Years ago when I was new to gardening, I planted my first perennial bed with of many of the old-time favorites, such as columbine, delphinium, bleeding heart, etc. For the most part, this flower bed was a beautiful success and helped me discover my green thumb. However, my bleeding heart plant always looked spindly, yellow and barely produced any flowers. After two years of it dragging my garden down with its shabby, sickly appearance, I finally decided to move the bleeding heart to a less noticeable spot.
To my surprise, the following spring this same sad little bleeding heart flourished in its new location and was covered with dramatic blooms and healthy lush green foliage. If you find yourself in a similar circumstance and need to move a bleeding heart plant, then read on to learn how.
How to Transplant a Bleeding Heart Plant
Sometimes we have a vision of a perfect flowerbed in our minds, but the plants have ideas of their own. The simple act of transplanting garden plants to a better location can occasionally help them perform better. Transplanting may seem a little scary and risky when you are new to gardening, but when done properly, oftentimes the risk pays off. Had I been afraid to move my bleeding heart, it probably would have continued to suffer until it died out.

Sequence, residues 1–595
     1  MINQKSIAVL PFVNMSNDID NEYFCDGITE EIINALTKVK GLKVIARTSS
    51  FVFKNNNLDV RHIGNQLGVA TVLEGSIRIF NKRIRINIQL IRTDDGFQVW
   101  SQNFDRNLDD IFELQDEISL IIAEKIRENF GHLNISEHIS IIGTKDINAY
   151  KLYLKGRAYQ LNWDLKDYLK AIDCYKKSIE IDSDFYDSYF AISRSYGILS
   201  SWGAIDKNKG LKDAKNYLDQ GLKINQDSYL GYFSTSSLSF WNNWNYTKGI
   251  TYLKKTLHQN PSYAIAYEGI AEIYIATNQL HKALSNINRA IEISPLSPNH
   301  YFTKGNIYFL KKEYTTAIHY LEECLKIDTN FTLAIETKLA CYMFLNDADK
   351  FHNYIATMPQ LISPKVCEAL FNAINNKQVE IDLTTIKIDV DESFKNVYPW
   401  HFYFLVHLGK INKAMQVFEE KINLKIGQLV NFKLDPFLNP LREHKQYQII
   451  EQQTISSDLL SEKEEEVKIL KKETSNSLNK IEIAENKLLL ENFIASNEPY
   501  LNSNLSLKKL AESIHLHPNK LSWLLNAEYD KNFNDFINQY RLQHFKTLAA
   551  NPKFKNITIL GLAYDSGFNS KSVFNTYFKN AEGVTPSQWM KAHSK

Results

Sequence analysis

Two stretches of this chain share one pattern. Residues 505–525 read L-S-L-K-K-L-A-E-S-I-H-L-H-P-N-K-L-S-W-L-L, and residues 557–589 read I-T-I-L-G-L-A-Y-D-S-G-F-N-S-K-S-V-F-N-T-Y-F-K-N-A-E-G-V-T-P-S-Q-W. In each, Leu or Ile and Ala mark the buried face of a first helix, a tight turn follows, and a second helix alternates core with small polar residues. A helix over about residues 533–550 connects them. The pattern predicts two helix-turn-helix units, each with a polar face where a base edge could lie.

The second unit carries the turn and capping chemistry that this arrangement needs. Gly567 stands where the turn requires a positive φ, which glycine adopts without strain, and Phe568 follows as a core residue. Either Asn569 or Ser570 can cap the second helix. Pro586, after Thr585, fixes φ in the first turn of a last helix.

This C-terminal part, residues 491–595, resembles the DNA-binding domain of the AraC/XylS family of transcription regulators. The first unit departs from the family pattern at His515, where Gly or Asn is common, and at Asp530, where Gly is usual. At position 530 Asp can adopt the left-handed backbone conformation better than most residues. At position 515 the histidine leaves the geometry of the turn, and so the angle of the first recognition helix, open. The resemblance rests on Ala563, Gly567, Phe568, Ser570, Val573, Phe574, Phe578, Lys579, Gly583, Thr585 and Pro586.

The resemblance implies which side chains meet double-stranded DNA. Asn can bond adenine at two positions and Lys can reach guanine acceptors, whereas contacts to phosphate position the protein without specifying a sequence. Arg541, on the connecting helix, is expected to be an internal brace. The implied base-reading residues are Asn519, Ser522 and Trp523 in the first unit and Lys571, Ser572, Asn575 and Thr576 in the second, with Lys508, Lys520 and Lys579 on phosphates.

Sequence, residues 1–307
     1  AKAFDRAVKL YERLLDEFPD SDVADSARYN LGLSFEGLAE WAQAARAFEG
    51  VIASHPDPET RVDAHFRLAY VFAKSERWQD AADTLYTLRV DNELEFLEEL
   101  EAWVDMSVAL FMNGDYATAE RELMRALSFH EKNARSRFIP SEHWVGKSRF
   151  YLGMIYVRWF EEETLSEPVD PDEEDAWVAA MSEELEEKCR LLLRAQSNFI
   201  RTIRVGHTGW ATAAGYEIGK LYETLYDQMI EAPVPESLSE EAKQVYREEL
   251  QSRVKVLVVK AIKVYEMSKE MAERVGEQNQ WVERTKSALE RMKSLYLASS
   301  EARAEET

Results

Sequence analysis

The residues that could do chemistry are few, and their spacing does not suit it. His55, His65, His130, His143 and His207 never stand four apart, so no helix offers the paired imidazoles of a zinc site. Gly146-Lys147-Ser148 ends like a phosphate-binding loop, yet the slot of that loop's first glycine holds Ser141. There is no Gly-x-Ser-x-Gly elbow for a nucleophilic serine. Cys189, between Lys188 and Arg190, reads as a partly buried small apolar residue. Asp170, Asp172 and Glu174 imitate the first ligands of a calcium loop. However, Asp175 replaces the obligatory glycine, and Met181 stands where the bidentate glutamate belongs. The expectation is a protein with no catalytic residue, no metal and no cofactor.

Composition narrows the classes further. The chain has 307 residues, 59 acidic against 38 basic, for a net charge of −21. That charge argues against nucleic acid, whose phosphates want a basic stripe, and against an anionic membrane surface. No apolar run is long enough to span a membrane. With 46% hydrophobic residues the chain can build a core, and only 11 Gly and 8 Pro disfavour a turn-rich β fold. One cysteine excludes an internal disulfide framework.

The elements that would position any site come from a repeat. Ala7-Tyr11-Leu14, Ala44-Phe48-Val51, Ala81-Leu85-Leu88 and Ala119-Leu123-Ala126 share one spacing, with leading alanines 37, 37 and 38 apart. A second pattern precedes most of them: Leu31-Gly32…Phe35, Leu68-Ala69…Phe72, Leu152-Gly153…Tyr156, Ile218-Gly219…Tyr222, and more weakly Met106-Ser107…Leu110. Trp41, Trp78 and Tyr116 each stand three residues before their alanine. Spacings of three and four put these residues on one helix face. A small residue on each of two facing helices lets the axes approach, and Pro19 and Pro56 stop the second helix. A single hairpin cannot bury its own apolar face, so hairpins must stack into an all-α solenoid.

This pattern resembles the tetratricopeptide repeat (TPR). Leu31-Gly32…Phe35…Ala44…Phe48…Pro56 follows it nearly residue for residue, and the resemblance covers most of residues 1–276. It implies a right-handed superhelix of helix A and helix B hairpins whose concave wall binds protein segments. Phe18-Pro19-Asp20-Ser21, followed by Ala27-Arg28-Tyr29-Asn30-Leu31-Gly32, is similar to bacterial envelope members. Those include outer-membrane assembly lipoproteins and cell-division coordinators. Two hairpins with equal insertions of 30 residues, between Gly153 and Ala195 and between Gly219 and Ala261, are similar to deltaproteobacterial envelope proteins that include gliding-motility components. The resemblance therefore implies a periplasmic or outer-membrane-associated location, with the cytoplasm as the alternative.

Bleeding heart (Dicentra spectabilis) in a perennial hardy in zones 3-9. It prefers a partially shaded location, where it will have some protection from the intense afternoon sun. Bleeding heart is not too particular about soil type, as long as the location is well draining. When transplanting bleeding heart, choose a site with afternoon shade and well-draining soil.
When to transplant bleeding hearts depends on why you are transplanting it. Technically, you can move bleeding heart anytime, but it is less stressful for the plant if you do it in early spring or fall.
If the plant is suffering in its current location, cut back any stems and foliage and transplant it to a new location. Bleeding heart plants are typically divided every three to five years. If you find yourself needing to transplant a large, established bleeding heart plant, it may be wise to divide it as well.
When transplanting bleeding heart, prepare the new site first. Cultivate and loosen up the soil in the new site and add organic material if necessary. Dig a hole twice as large as the projected root ball. Dig up the bleeding heart, taking care to get as much of the root ball as you can.
Plant the bleeding heart in the pre-dug hole and water it thoroughly. Water bleeding heart transplants every day for the first week, then every other day the second week and one to three times a week after that for the first active growing season.